Someone has perfected a playbook for pulling webpages off Google, according to a new post by UCLA lawyer Eugene Volokh. Volokh finds a series of unusual court cases that resulted in web pages being de-indexed by Google, making them unavailable to search or other services. In some cases, reputation management firms were apparently charging as much as $6,000 a month for the service.
Google will generally de-index pages if it receives a credible report that the page contains pirated content or defamatory statements. The reports are available in a public archive, and the vast majority of them concern pirated content. The standard for a successful request can be somewhat complex, but a legal injunction against the offending party is typically sufficient to de-index a site, making it effectively invisible to Google searches.
$6,000 a month to make a page disappear from Google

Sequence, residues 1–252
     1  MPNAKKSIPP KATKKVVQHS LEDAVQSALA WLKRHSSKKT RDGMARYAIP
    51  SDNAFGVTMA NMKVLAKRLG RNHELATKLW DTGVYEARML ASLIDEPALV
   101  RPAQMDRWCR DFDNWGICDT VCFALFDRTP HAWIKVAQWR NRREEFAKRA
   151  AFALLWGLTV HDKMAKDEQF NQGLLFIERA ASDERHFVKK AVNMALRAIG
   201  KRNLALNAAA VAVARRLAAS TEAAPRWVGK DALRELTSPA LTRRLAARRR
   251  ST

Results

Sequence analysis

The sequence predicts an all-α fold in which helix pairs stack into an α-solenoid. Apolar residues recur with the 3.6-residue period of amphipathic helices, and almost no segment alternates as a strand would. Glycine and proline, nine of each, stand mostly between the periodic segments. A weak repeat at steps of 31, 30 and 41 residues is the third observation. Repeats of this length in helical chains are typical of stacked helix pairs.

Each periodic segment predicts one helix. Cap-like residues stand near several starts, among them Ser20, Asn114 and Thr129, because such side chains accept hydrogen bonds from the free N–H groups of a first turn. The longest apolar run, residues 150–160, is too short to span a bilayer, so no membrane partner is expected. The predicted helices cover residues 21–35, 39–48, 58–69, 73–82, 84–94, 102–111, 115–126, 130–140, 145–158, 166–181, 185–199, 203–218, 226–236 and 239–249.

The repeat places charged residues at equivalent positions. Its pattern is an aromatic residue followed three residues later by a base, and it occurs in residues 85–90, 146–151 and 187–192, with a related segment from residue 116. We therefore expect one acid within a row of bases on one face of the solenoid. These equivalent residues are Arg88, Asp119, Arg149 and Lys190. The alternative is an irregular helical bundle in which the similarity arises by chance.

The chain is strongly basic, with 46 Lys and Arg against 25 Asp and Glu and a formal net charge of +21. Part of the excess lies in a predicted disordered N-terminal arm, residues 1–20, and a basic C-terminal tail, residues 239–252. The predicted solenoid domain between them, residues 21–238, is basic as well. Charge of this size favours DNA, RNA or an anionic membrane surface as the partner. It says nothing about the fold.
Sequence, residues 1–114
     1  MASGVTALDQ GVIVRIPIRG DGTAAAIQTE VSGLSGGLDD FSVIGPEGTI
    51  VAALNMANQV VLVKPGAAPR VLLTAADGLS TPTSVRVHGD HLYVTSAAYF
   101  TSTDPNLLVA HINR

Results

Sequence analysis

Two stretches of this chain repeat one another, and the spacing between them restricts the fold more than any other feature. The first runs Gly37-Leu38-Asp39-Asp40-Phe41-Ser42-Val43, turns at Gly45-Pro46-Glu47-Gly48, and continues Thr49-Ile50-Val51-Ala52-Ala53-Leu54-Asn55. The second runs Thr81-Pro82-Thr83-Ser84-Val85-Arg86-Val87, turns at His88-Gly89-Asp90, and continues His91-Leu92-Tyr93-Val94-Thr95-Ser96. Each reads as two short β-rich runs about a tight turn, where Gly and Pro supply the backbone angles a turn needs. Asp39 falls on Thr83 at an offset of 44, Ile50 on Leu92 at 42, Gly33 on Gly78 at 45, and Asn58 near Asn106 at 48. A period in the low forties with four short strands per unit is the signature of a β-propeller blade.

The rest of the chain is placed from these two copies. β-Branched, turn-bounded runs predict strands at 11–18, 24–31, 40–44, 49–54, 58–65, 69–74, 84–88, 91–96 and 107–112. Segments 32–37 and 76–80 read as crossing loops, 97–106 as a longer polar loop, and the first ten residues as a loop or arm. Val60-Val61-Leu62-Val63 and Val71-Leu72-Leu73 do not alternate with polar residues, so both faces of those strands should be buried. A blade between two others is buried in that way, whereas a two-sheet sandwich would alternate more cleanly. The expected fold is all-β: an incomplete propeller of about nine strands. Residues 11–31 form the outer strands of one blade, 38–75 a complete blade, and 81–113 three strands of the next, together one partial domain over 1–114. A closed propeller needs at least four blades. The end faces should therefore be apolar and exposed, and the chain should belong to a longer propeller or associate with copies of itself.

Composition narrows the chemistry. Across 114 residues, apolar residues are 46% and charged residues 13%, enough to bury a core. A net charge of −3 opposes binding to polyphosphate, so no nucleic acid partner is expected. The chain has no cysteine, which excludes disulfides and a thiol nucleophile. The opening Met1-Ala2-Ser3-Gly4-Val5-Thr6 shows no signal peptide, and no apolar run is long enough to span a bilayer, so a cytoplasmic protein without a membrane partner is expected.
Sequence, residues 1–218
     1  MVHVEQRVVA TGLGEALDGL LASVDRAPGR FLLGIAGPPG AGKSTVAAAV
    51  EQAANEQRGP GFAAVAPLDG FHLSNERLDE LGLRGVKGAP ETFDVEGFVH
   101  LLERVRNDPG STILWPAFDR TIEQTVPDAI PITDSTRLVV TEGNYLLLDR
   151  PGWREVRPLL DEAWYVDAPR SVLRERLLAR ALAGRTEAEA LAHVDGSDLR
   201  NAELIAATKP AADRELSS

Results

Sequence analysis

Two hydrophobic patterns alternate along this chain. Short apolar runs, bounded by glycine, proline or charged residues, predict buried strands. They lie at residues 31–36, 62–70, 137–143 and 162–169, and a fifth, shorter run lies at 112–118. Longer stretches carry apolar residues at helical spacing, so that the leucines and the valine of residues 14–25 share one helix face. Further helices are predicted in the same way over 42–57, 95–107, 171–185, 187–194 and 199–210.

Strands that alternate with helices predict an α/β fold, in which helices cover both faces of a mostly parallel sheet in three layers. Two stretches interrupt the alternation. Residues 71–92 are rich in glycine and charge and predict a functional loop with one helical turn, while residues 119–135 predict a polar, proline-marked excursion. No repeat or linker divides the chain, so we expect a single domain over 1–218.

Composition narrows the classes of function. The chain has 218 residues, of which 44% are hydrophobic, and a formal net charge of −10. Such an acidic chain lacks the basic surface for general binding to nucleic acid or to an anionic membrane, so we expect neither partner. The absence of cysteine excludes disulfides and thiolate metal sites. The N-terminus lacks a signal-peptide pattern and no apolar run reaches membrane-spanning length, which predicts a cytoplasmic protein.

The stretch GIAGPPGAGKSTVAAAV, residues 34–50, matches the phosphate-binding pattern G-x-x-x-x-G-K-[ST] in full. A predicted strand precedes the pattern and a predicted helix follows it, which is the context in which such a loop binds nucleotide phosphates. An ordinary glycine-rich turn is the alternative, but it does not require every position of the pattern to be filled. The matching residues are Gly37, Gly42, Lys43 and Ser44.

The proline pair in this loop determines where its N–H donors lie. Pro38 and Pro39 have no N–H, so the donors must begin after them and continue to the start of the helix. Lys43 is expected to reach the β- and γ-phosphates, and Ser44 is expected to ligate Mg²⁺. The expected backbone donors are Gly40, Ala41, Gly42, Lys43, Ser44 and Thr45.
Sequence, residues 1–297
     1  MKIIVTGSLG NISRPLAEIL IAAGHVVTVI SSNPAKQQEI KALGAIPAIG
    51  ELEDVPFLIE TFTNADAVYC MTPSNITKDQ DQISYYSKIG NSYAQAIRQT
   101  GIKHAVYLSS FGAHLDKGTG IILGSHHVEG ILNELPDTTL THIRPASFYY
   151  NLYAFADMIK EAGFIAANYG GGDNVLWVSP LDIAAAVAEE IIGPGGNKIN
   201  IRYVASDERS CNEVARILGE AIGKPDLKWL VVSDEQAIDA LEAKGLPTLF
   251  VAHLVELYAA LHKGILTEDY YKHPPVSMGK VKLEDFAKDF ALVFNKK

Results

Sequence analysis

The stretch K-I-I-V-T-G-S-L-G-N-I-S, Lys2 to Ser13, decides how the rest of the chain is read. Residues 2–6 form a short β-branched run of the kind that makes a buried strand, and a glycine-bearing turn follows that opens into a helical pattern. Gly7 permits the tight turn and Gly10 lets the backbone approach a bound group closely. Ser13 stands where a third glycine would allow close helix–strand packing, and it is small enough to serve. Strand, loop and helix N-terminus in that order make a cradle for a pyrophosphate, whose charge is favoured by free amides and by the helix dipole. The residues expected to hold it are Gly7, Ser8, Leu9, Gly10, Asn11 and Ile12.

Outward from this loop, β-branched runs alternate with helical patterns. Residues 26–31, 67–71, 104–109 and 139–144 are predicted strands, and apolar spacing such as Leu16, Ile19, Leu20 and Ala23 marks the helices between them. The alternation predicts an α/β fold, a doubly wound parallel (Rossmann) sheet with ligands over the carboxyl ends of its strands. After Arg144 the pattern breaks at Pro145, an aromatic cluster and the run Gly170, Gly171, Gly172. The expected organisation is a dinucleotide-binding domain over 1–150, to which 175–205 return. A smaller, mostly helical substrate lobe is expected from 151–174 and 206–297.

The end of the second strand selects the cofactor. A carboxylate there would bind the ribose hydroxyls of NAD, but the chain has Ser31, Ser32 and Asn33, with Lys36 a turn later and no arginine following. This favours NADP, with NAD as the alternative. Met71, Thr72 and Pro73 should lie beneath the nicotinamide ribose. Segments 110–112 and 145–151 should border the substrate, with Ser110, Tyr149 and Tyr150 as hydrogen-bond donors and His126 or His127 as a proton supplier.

Volokh seems to have uncovered a way of gaming that system, giving bad actors the power to de-index any site they want. In the cases he describes, plaintiffs file lawsuits against dummy defendants who immediately agree to the proposed injunctions against them. The cases never see trial, and in many cases, the defendants themselves seem not to exist — but they exist long enough to get a court-approved injunction that can be sent to Google to de-index the site.
Volokh’s investigation turned up 25 different instances of the scam in roughly the past year, although none of the named defendants could be located. In once case, a firm was able to de-index a news article by filing an injunction against an offending statement in the comments section, thus pulling the entire page off Google’s index.
The phony claims represent a small percentage of the overall notices, as it’s common for Google to receive well over 100 copyright takedowns in a single day. Still they suggest that some reputation management firms have become adept at gaming Google’s system, and the company may need to devote more resources to examining apparently legal injunctions.
It also suggests the law shouldn’t place any unnecessary legal weight on the takedown notices, as some cases are currently threatening to do. "The questionable nature of many such injunctions is reason to further insist that platforms not be legally bound by them," Volokh concludes.